On the other hand, we also found support for: a higher rate of tax on top earners; and higher taxes on second homes. Working class voters don’t just want a system that benefits “people like them” (although they do want that), they want a system that supports those that need it – and in their eyes deserves it.

This research showed not only that working-class voters are supportive of business tax cuts, but they’re also much more supportive of business tax cuts than middle-class professional voters. They have a bias towards supporting tax cuts for new businesses (for start-ups), for small businesses, and for local businesses. For example, they strongly favour start-ups paying no corporation tax (often a heavy burden) for their first three years of operation, and tax cuts for small businesses and the self-employed. But they favour generally pro-business tax cuts too: they favour a reduction in employers’ PAYE contribution, and a general cut in corporation tax too.

The focus groups help us to understand why this might be. Fundamentally, it’s because working-class voters are much more concerned about their jobs – generally, but specifically in the context of Brexit – and they see more clearly what their communities would look like with fewer jobs.

In places like Stoke, for example, where the potteries went a while ago, all that’s really left, in local people’s eyes, are distribution centres, warehouses, and call centres. Politicians and left-wing activists sneer at these sorts of jobs, but local people don’t and local people fear that higher taxes will drive businesses away and leave them with nothing.

Working class support for business has been a real phenomenon for a while now – certainly since the referendum – and I have been arguing here for a while these arguments about voters thinking “capitalism is broken” are miles off. I fear that – like the ideas the public want everything in optimistic Obama-esque language, or that every policy should be designed to help the very poorest – this has captured Conservative politicians’ minds.

Conservatives need to un-learn this “lesson”. Working-class voters want to hear policies that will help their employers, not that those that might drive them away.

Tax isn’t a tier-one issue yet, but it’s going up in the public’s mind – and particularly amongst working class voters. They are, after all, people that have not had a pay rise in a long time and who struggle with rising costs. They are also people that live side-by-side with those they think don’t work hard, and who live comfortable lives on welfare. And they are people that fear what a weaker economy might mean for their long-term financial health.

For all these reasons, tax will become an issue that politicians have to start talking about soon.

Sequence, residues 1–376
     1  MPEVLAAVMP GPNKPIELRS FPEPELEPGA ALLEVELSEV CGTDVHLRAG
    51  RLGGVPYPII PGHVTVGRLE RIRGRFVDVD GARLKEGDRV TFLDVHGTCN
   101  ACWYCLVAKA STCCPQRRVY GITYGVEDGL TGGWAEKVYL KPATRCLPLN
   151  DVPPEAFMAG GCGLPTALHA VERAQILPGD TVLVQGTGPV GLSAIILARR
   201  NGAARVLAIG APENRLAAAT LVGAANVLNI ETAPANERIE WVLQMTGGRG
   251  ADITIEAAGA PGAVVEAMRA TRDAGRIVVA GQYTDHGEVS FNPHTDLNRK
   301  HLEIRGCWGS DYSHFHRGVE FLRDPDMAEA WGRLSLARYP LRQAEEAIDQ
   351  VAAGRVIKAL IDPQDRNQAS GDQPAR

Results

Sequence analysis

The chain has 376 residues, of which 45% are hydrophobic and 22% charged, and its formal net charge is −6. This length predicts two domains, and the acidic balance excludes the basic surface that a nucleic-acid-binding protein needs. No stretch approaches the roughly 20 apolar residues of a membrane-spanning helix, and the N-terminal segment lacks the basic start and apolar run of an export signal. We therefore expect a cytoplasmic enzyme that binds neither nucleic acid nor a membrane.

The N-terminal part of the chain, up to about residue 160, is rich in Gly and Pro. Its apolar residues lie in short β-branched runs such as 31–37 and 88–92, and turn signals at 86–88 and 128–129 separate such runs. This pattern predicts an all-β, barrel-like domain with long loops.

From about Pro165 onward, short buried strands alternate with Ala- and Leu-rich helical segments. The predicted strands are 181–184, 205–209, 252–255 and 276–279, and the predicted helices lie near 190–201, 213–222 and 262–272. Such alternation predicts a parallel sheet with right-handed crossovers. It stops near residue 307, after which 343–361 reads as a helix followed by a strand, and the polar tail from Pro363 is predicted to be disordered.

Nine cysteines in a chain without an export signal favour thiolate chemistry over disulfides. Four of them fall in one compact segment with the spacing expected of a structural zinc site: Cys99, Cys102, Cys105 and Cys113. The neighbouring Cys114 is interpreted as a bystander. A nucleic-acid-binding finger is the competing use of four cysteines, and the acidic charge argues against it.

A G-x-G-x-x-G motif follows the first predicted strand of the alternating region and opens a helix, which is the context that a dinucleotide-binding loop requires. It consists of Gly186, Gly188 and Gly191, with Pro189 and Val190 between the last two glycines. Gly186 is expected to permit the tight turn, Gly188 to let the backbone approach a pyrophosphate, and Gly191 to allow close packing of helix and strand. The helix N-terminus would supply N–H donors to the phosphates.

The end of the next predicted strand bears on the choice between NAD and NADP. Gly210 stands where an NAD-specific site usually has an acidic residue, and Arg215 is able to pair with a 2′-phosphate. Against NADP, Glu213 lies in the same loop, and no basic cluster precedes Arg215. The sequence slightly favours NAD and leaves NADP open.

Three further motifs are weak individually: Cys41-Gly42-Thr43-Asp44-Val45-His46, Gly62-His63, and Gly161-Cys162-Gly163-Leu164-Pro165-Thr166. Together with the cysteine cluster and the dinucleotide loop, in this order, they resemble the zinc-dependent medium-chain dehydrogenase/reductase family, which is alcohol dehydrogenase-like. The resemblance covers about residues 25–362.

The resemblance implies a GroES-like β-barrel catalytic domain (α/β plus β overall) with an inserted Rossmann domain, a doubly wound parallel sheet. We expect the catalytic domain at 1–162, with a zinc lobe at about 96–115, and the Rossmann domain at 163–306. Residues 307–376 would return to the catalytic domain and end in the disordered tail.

Real Estate, and Personal Injury Lawyers. Contact us at: https://westlakelegal.com 

“You just want me to say the words”: Biden won’t call Trump a white supremacist

Westlake Legal Group jb “You just want me to say the words”: Biden won’t call Trump a white supremacist Working Class white warren Trump The Blog supremacist Iowa Daily Mail biden Beto O'Rourke

The rest of the field had no trouble saying it.

Elizabeth Warren told the New York Times “without hesitation” that Trump gave white supremacists aid and comfort. “He’s done the wink and a nod,” she said. “He has talked about white supremacists as fine people. He’s done everything he can to stir up racial conflict and hatred in this country.”

Beto O’Rourke told MSNBC Trump made it “very clear” that he’s a white supremacist.

Bernie Sanders told CNN’s Jake Tapper over the weekend that he believes Trump is a white supremacist.

But Biden is reluctant, interestingly:

‘Why are you so hooked on that?,’ he responded to DailyMail.com during his visit to the Iowa State Fair [when asked if Trump is a white supremacist].

‘You just want me to say the words so I sound like everybody else. I’m not everybody else. I’m Joe Biden. I’ve always been who I am. I’m staying that way,’ he added…

‘He is encouraging white supremacy. You can determine what that means,’ he said. ‘I know it’s like everybody wants everybody to call somebody a liar. I don’t call people liars. I said they don’t tell the truth. Okay? You want to hear me say liars so you can put out that Biden called someone a liar. That’s not who I am. You got the wrong guy.’

What’s the difference between “Trump is a white supremacist,” which is no-go for Joe, and “Trump encourages white supremacy,” which is fine? Dave Weigel thinks it’s a function of Biden’s respect for institutions. Just like how he’s more likely to refer to Trump as “Mr. President” than the rest of the field is, he’s more reluctant to call the president of the United States a white supremacist. Noah Rothman believes it’s a subtle bit of strategy aimed at Trump’s voters: “Telling voters they backed an overt white supremacist makes them culpable, defensive. The latter gives them plausible deniability.” If you’re Joe Biden and your strategy depends upon picking off some of Trump’s working-class white support, you need to be careful about accusing them of having voted for a racist in 2016. That might come off a bit too much like Hillary’s “deplorables” comment. Focusing on Trump’s actions as president (“encouraging white supremacy”) creates some distance from that accusation. Trump voters can’t be blamed for not foreseeing how Trump might misuse the bully pulpit as president, or so Biden means to imply.